The Factory, Archival Pigment Print, 2017, ed. 12, 132 x 168 cm
Lewa, Kenya 2017
Andy Warhol once said “My favourite colour is black and my other favourite colour is white”. On the basis of this alone, I fancy that this image might have struck a chord with him. I have been seeking an abstract image like this for some time and have consistently failed partly because the zebra is so skittish and this has prevented me from getting close enough to play with the patterns. But the bigger issue is that if all the zebras are on the same piece of at land, as is usually the case, one animal tends to block the body of those behind. As I thought about the riddle, it dawned on me that the odds of success would narrow if I could find zebras stacked on a hill. This rules out the majority of locations because of their flat topography. Lewa was therefore going to be my best chance of an outstanding image – there are hills and steep areas where the zebra can congregate. Of course there is no assurance that zebras will be in these areas at the same time as my camera lens. But the more time I employed the greater the chance of success. I had then to get lucky with the formations. The grevy zebra, for which Lewa is renowned, also have such distinctive and pristine stripes that are thinner than other breeds to the south. The stripes are also very much white on a black background as opposed to black on a white coat and this works well. When this image presented itself in my viewfinder, I could not quite believe my luck. Thank goodness I remembered to press the shutter. Every grevy in the world has distinctive markings and this image makes that point with a clarity that will be difficult to beat.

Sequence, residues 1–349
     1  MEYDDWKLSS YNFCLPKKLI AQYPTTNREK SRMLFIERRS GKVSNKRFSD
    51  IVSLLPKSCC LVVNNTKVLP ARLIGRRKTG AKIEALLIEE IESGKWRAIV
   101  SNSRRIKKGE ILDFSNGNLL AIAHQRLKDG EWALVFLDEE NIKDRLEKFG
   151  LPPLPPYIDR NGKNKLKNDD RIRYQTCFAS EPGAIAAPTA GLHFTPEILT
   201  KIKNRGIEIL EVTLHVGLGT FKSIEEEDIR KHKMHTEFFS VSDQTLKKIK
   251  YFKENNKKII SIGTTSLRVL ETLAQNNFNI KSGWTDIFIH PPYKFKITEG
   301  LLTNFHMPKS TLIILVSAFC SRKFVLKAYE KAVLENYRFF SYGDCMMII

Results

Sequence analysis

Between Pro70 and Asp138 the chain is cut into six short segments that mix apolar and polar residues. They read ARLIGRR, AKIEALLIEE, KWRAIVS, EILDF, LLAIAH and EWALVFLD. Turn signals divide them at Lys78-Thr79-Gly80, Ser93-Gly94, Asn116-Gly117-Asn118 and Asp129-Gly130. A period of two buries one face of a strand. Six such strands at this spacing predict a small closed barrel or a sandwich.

David Yarrow was born in Scotland and is currently based in London. David Yarrow is known for travelling the world’s remotest regions to capture compelling images of nature as we‘ve never seen it before, and is redefining wildlife photography in the process.
His monochrome photographs are bursting with life, vitality and movement, yet the majority of Yarrow’s subject matter, from rampaging bull elephants in Kenya to Inuit hunters and Bornean orangutans, is living on the brink of extinction. This is nature at its most majestic – and its most fragile.
Yarrow’s unorthodox camera angles and unique shooting methods transport the viewer right into the heart of the action; with split-second timing, he crystallises a single instant of drama into an image so immersive that it cannot be viewed in just a few moments. These are photographs to linger over.